Airflow and Static Pressure with Loren Cook Company Coffee Break Recap
What is the Relationship Between Airflow and Static Pressure in a Ducted Air System?
We dropped in on Chris Curry at Loren Cook for this coffee break, who offered an excellent demonstration that definitively answered this question.
If you couldn’t join us on the webinar, here’s some of what you missed.
The goal with ducted airflow is to design a system that minimizes the amount of static pressure (resistance to airflow) while not oversizing the duct to the point where it won’t fit or becomes too expensive for the project (due to the amount of metal needed). The less static pressure, the less energy the fan consumes to deliver the required airflow.
Curry illustrated that by pointing out the Third Fan Law: When increasing a fan’s RPM, the horsepower required by the motor to turn the fan wheel increases by the cube of the change in motor speed. For example, if you want to increase fan RPM by 10%, the energy required to turn the fan increases by 33.1%.
Keep this in mind when you consider energy optimization in a ducted system. It’s good to seek out equipment with high EER ratings and motor efficiency. But also make sure that your duct design is optimized. This includes the size of the ductwork (which affects the velocity of the air moving through it) and the fittings that you specify in the design (which affects both the pressure drop and system effect associated with the installed duct system).
It only takes one improper fitting to increase static pressure at a magnitude that wastes all the efficiency you’re gaining from a premium fan motor.
Which duct fittings have the most significant effect on static pressure?
Curry arranged a 12-inch utility set fan with 2 ½ duct diameters of straight duct on the discharge end to achieve laminar flow. He then measured the drop in static pressure in the system when he attached fittings to the end of the duct.
Contractors assume the pressure drop of this fitting will be about .15 inches (an old rule of thumb says an elbow equals roughly the same static pressure as 100 feet of duct). Surprisingly, it’s more than double that (around .3). This fitting creates an eddy behind the throat of the fitting, drawing air into the duct and creating turbulence.
Straight Elbow with Turning Vanes
The addition of turning veins in a straight elbow brought the static pressure drop to only about .07. The downside is that the vanes can gather debris inside the duct, so Curry recommends installing an access door upstream of any elbow with turning vanes.
Short Radius Elbow
Curry admitted this fitting is controversial and sometimes not approved for installation. He demonstrated that the 13” radius elbow had a .06–.07 drop in static pressure, as good or better than the straight elbow with turning vanes. The problem with that elbow is that you need to have the space for the short radius elbow to curve — lots of mechanical rooms don’t have that space.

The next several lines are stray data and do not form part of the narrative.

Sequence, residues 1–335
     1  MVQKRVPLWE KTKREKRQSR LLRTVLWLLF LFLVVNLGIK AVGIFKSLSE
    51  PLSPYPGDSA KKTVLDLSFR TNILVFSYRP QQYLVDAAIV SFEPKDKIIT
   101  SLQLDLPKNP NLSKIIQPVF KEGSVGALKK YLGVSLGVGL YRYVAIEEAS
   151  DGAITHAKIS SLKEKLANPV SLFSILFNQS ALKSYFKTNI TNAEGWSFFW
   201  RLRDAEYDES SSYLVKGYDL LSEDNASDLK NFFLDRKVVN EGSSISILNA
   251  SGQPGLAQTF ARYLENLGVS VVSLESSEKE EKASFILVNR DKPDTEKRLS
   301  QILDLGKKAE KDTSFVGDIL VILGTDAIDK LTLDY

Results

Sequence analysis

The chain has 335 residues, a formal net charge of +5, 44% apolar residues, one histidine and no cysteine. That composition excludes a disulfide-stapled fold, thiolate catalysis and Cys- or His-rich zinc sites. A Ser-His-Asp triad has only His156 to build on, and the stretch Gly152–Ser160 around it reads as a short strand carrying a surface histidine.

Square Throat Radius Heel Elbow
You might think that combining the square throat of the straight elbow with a radius heel would give you the benefits of both elbows. You might expect a static pressure drop between .06 and .3 (something around the standard guess of .15).
It’s worse than both. There’s a misconception that the airflow follows the radius heel’s curve. Instead, that same negative eddy created by the square throat is made worse because this elbow creates a pinch point (it has a smaller diameter in the middle than either end).
45-Degree Radius Elbow
This is the solution to the previous fitting — modifying the throat from a 90-degree angle to two 45-degree angles to remove that pinch point and keep the cross-section distance consistent through the elbow. That’s a truer compromise: the static pressure drop is close to the .15 standard guess.
Long Sweeping Radius Elbow
The one everyone wants — a long, graceful, gentle arc. Curry used a 20” radius elbow, one and half times the duct diameter. And sure enough, the static pressure drop is negligible (roughly .02–.03). But the practical problem remains. This elbow costs more and takes up even more leasable space than the short radius elbow. That’s a significant amount of money and real estate throughout an entire building’s ductwork.
Radius Elbow with a Splitter
Here’s the best of all worlds: Static pressure drop was .02–.03, significantly better than the short radius elbow. The split inside the duct turns this 13” short radius elbow into two long radius elbows of 5” and 8”, giving you the airflow benefits of a long curve in a short space.
Curry also discussed tee fittings and fittings on the fan’s inlet side. Are you curious why a fan’s submitted performance doesn’t always match a test and balance report? Or whether a forward-curved vs. backward-curved fan wheel makes any difference in the efficacy of these fittings? Contact an SVL sales engineer, and they’ll let you in on what you missed.
Speaking of which…
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